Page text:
Release Date: 12 March 1993
Director: Sally Potter
Production Company: Sony Pictures Classics
Adapted from a novel by Virginia Woolf, Orlando is a fantastical period drama directed by Sally Potter starring Tilda Swinton as a British noble named Orlando. There are a couple of things you need to know about title character: 1. Orlando is seemingly immortal, living from at least the late 16th-century to the present day, and 2. About 2/3’s through this movie, Orlando goes through a magical physical transformation from a man’s body to a woman’s body. The film explores ideas of feminism, sexuality, gender, and British history and does so with cinematic flair and fantastic costuming. Singer Jimmy Somerville sings on the soundtrack and appears in the film, his countertenor voice appropriate to Orlando’s androgyny.
When I saw this movie back in the mid-90s, it was the first time I’d seen Tilda Swinton and I can’t imagine any actor being more perfect for this role. I love the way she looks to the camera and breaks the fourth wall. I read the book around the same time I first saw the movie, but I can’t remember which came first. I knew next to nothing about transgenderism at the time, but this story is obviously also a metaphor for the transgender experience. “Same person. No difference at all… just a different sex.”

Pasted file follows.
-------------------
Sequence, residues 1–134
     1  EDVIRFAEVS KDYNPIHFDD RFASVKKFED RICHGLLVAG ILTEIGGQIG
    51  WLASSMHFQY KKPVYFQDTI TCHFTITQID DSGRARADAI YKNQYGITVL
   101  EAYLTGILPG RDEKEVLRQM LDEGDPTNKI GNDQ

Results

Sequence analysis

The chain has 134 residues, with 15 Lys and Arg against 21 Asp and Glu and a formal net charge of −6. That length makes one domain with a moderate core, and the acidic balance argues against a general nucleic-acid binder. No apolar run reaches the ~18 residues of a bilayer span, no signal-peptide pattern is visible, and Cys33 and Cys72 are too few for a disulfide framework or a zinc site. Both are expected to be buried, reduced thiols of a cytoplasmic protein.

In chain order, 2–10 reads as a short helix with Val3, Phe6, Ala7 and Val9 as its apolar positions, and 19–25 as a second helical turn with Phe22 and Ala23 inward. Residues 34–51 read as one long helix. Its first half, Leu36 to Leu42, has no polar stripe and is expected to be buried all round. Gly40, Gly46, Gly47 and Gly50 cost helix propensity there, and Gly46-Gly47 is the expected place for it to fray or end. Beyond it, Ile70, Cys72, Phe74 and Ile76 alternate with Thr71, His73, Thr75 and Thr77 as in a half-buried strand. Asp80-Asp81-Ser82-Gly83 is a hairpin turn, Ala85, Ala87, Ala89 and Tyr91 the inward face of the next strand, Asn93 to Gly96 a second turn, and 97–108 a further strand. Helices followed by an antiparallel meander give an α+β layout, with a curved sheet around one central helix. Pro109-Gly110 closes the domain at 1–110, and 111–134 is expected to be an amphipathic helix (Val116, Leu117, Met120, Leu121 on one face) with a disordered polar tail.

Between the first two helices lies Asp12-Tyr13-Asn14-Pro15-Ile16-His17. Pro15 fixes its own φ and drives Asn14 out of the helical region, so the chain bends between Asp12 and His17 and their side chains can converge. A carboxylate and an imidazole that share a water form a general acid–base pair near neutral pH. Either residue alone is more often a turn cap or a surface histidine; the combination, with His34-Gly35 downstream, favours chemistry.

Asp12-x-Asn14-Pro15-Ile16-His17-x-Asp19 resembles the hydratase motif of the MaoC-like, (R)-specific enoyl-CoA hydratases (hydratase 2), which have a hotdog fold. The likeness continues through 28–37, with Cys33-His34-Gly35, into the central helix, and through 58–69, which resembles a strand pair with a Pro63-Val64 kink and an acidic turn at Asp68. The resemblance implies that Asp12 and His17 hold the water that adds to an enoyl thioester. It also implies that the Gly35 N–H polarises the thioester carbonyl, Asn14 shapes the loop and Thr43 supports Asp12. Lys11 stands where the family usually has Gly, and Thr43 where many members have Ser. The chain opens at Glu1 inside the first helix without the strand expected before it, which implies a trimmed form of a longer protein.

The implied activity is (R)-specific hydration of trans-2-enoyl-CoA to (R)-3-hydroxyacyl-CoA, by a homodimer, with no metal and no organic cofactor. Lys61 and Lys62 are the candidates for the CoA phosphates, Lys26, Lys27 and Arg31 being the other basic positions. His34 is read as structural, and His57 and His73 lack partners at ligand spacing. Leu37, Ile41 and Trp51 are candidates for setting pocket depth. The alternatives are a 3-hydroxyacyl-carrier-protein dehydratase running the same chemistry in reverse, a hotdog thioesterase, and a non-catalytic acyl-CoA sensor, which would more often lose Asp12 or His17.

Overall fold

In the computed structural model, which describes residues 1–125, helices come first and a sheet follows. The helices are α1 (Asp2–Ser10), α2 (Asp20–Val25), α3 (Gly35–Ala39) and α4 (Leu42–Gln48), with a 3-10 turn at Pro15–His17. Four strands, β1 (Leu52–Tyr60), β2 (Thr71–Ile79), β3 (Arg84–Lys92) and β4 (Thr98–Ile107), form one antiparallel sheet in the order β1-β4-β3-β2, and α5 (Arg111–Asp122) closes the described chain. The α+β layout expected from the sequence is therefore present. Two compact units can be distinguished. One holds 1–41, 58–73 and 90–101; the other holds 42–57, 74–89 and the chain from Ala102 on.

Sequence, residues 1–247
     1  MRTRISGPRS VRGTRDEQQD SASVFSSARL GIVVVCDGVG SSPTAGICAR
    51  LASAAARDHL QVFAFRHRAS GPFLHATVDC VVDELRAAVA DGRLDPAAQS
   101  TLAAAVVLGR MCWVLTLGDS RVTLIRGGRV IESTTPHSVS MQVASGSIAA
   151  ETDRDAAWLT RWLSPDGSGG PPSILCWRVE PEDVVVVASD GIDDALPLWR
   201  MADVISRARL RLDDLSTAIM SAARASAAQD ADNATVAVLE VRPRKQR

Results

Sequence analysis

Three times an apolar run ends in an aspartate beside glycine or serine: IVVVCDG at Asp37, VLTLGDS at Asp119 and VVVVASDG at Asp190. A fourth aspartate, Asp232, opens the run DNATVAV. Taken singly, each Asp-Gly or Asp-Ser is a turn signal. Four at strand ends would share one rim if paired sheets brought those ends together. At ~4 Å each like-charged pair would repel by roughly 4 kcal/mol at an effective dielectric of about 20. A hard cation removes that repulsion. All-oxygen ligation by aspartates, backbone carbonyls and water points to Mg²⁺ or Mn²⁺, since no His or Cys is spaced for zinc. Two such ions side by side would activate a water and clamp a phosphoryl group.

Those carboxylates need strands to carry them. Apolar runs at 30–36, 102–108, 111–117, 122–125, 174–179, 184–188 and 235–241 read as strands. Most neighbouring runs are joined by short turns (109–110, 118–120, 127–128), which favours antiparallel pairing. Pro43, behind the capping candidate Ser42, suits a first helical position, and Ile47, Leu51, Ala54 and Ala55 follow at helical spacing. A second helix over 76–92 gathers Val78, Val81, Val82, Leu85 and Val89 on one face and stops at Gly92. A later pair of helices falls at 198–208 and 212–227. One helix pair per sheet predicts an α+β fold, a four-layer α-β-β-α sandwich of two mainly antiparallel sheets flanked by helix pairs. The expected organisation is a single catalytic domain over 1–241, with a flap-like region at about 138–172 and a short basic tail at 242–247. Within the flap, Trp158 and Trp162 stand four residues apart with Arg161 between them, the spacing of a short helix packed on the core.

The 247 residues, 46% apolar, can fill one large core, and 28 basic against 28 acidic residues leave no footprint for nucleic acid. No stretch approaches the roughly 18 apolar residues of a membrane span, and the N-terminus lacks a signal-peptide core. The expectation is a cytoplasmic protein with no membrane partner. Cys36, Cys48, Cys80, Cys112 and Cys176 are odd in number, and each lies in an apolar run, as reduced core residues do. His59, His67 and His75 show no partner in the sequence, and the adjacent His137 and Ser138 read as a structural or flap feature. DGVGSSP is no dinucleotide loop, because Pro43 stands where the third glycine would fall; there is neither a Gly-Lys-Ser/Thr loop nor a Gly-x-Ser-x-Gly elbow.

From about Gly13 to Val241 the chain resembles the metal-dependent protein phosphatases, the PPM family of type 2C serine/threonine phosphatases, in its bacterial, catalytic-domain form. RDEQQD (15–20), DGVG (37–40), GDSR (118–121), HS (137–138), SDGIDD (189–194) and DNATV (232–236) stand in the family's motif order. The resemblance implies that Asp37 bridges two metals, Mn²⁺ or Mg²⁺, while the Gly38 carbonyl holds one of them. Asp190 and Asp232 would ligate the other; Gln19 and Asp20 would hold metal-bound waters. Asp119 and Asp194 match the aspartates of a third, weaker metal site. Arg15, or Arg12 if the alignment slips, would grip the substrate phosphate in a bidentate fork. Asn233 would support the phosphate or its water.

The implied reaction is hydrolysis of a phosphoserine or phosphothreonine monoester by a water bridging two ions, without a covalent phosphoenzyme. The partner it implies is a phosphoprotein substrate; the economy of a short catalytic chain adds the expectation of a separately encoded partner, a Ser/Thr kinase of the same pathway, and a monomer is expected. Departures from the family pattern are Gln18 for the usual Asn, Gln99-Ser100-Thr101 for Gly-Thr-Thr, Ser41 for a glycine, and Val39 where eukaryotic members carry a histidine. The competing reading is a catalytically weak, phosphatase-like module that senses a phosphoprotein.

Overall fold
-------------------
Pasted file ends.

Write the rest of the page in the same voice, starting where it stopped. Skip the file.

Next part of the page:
I’m glad I revisited this movie as it feels to have gained new layers of meaning in the 2020s, much as Sally Potter added layers of meaning appropriate to the 1990s to Virginia Woolf’s observations on the 1920s.